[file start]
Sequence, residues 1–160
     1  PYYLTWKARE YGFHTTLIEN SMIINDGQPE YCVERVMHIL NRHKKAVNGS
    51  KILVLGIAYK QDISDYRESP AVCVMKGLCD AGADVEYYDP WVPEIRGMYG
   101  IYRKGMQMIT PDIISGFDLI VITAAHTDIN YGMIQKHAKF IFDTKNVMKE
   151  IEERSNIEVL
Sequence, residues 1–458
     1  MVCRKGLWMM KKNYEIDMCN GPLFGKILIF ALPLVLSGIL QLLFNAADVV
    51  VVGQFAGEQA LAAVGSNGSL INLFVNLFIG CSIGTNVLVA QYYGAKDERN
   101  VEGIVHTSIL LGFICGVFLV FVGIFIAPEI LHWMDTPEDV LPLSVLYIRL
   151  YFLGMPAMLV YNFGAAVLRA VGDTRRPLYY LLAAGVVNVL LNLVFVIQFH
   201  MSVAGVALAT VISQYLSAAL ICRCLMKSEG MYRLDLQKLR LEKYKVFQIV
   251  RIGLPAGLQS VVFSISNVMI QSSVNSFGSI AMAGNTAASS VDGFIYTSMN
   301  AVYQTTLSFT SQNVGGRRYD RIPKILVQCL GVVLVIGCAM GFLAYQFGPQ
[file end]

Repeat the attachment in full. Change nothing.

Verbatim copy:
Sequence, residues 1–160
     1  PYYLTWKARE YGFHTTLIEN SMIINDGQPE YCVERVMHIL NRHKKAVNGS
    51  KILVLGIAYK QDISDYRESP AVCVMKGLCD AGADVEYYDP WVPEIRGMYG
   101  IYRKGMQMIT PDIISGFDLI VITAAHTDIN YGMIQKHAKF IFDTKNVMKE
   151  IEERSNIEVL
Sequence, residues 1–458
     1  MVCRKGLWMM KKNYEIDMCN GPLFGKILIF ALPLVLSGIL QLLFNAADVV
    51  VVGQFAGEQA LAAVGSNGSL INLFVNLFIG CSIGTNVLVA QYYGAKDERN
   101  VEGIVHTSIL LGFICGVFLV FVGIFIAPEI LHWMDTPEDV LPLSVLYIRL
   151  YFLGMPAMLV YNFGAAVLRA VGDTRRPLYY LLAAGVVNVL LNLVFVIQFH
   201  MSVAGVALAT VISQYLSAAL ICRCLMKSEG MYRLDLQKLR LEKYKVFQIV
   251  RIGLPAGLQS VVFSISNVMI QSSVNSFGSI AMAGNTAASS VDGFIYTSMN
   301  AVYQTTLSFT SQNVGGRRYD RIPKILVQCL GVVLVIGCAM GFLAYQFGPQ